Ukraine wastes more energy than just about any other country in Europe, and awareness of energy efficiency is taking a long time to dawn – not least because the government has other priorities.
Gregor Postl works in Ukraine for the Austrian chamber of commerce as trade commissioner. His office is either too hot or too cold.
"It's not very easy to regulate the room temperature because the heating system doesn't have a thermostat," he says. "You just have to keep opening and shutting the window."
His office is housed in a brand new building complex in Kiev, the Ukrainian capital. "Even though it's new, it has bad insulation and a heating system that can only be controlled centrally – the same problems all the buildings here have."
Most of the buildings in Kiev rely on heat from a district heating network. Gas heating systems in the cellars control heating in individual apartments and only run from October to April. During summer, the network is switched off - a practice left over from Soviet days.
Dilapidated buildings, low enery prices
Not surprisingly, Ukraine wastes more energy than most other countries in Europe. According to 'Germany Trade & Invest', the foreign trade and inward investment agency, its energy waste is three to four times higher than in EU countries. And the building sector alone is responsible for 30 percent of the country's energy consumption – another record high for Europe.
The waste can be attributed to widespread lack of non-permeable roofs, double-glazing and adequate insulation. Moreover, supply systems for heat, electricity and warm water are often rundown.
"If we don't act now, we risk ending up with a complete breakdown in infrastructure within the next five to ten years," emphasized Elena Rybak, CEO of the European-Ukrainian Energy Agency in an interview with news website EurActiv.
"There is no incentive to save energy," stresses Postl. "Gas prices are low and remain subsidized. That positively invites waste."
The Russian factor
But those subsidies won't last for ever: Reduced subsidies were a condition imposed by the International Monetary Fund, when it approved Ukrainian credit during the global financial crisis.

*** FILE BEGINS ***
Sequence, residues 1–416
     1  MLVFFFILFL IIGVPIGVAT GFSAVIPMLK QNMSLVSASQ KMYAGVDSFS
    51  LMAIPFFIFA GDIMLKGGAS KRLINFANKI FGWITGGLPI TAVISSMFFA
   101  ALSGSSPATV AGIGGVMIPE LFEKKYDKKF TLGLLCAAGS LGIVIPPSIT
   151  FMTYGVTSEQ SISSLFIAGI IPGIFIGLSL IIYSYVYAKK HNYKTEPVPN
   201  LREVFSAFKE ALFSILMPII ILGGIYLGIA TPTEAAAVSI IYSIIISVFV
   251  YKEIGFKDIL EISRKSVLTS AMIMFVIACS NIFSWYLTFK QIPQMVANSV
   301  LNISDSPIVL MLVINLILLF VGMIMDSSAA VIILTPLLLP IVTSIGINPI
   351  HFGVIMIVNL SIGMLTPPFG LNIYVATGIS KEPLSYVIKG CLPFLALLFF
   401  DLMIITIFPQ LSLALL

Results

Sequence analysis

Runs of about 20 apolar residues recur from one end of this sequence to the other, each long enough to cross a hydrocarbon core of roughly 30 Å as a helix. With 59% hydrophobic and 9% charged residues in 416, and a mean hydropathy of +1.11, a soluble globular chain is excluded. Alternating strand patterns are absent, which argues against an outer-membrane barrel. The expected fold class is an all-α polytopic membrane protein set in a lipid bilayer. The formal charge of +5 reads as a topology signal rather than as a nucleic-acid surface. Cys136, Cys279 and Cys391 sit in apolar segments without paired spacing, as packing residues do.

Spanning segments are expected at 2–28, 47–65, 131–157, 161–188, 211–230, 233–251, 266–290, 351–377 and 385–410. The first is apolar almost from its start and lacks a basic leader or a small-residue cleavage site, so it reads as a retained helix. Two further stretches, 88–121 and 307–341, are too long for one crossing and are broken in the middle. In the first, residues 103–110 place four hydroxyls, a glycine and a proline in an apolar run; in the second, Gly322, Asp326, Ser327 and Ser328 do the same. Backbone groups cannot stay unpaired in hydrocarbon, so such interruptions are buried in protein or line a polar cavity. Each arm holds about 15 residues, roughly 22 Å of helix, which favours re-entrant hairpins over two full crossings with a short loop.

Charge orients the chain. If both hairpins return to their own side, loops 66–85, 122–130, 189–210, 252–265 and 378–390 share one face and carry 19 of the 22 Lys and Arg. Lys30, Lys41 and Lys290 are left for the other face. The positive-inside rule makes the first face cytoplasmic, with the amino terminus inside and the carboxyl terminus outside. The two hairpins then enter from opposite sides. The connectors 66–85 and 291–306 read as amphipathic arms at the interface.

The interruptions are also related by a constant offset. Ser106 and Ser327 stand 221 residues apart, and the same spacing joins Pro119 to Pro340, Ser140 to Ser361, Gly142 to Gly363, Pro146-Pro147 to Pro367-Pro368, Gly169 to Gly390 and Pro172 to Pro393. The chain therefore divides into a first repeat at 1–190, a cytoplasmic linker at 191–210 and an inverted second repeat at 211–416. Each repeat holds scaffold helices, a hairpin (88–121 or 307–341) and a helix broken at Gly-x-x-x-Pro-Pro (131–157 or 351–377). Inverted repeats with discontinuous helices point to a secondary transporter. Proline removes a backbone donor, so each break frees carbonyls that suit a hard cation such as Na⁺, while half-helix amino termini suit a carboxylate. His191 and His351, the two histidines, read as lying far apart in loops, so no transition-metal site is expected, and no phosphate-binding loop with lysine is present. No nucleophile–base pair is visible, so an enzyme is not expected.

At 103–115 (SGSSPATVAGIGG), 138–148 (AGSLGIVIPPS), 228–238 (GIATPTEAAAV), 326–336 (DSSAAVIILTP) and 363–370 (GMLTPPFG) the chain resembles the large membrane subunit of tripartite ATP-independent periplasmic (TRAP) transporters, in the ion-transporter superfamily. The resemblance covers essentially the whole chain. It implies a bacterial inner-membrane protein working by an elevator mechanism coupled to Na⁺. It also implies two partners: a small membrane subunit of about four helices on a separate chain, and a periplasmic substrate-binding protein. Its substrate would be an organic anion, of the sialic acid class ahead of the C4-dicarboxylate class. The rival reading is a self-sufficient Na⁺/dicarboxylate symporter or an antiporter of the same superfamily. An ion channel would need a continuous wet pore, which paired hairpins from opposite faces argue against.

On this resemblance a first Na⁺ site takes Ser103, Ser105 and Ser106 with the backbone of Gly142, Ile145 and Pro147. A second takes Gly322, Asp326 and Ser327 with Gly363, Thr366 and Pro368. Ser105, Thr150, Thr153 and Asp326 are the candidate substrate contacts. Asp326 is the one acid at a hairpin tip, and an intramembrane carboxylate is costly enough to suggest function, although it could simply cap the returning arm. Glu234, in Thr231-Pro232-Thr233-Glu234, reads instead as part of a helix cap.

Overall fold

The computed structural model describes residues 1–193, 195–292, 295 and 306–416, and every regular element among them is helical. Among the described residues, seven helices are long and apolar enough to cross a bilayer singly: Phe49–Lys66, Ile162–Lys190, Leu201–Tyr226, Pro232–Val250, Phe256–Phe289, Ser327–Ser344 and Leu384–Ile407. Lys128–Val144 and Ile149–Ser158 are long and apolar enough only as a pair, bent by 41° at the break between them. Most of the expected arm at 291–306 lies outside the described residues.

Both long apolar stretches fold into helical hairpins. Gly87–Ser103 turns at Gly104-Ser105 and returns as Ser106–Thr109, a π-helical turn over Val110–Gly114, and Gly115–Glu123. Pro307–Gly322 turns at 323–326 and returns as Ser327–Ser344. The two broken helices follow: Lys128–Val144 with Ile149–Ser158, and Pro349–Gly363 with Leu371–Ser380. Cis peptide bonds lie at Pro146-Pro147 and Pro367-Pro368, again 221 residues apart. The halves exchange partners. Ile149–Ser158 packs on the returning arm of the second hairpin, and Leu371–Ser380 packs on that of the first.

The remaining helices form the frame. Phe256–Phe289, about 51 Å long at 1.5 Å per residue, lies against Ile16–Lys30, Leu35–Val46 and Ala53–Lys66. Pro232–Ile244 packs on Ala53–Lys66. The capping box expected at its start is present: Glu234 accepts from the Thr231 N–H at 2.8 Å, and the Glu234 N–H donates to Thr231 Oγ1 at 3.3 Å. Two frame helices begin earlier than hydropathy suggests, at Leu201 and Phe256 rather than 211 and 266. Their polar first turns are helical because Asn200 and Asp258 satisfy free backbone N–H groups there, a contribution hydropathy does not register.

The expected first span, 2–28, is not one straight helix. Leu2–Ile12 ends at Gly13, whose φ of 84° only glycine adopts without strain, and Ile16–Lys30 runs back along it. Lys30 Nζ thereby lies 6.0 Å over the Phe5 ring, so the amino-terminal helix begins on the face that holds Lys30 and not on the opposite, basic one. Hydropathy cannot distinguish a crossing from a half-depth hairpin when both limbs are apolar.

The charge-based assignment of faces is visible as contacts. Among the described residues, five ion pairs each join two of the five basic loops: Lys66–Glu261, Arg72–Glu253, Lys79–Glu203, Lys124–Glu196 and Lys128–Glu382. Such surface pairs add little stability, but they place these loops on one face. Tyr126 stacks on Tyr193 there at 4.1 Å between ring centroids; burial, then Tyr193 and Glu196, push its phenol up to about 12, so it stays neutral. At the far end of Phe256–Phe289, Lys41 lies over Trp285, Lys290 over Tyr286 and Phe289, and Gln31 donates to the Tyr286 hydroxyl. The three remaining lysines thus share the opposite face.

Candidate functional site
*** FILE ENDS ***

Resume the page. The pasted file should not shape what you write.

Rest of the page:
The government subsequently hiked gas prices by 50 percent in 2010, but faced with public outrage, Kiev is shying away from a further hike scheduled for April. As Postl points out, rising gas prices don't go down well with voters.
Among the worst energy-guzzlers are dilapidated factories in energy-intensive sectors such as iron, steel and mineral fertilizer industries. Ukraine has barely any energy reserves to call its own, instead importing 80 percent of its natural gas from Russia.
Needless to say, this can lead to potentially devastating conflicts – when Moscow raised gas prices in 2005, the result was a stand-off between the two countries. Russia turned the taps off and supplies in western Europe were also threatened. After all, the bulk of Russia's natural gas exports to Europe are transported through Ukraine.
"There are political reasons why Ukraine needs to adopt a new energy policy," stresses Gregor Postl. "The will is there, but not when it comes to energy efficiency."
Renewable energy is more of a focus, he points out. "A wind turbine has political clout, whereas a well-insulated home doesn't," he says. And significantly, wind and solar energy have been profitable since 2009, when Ukraine became the first of the former Soviet states to introduce compensation for clean electricity fed into the grid.
But Postl maintains that what's more urgently needed are laws on energy efficiency. He cites the absence of any kind of programms offering the public financial support to renovate old buildings.
Picking up the slack are a number of western development aid agencies, as well as the European Bank for Reconstruction and Development (EBRD), which organizes trade fairs for European investors and also awards subsidies to local districts. The EBRD has earmarked 73 million euros for 40 new energy efficient projects by 2015.
According to the European-Ukrainian Energy Agency, Ukraine boasts an "unbelievable potential for energy-efficient projects."
But initiatives tend to be justified on the grounds that they represent cost-cutting – climate protection doesn't cut much ice among politicians and the business community. Not for nothing did Ukraine rank last on the climate protection index compiled by the Climate Action Network Europe.
The core of the problem is that all too often, climate protection is seen as a luxury rather than a necessity. Like Russia, Ukraine has seen a greater reduction in CO2 emissions since 1990 than laid out in the Kyoto Protocol - the reason being the collapse of national industry in the 1990s. The result was such a dramatic drop in emissions that in recent years, the country saw a welcome boost to state funds received from the trade of carbon emission quotas.
Both Moscow and Kiev have pledged to plough these funds into a new climate protection agreement. This will be decided on at the end of the year – at the next climate change summit in Durban, South Africa.
Author: Torsten Schäfer (jp)
Editor: Sonia Phalnikar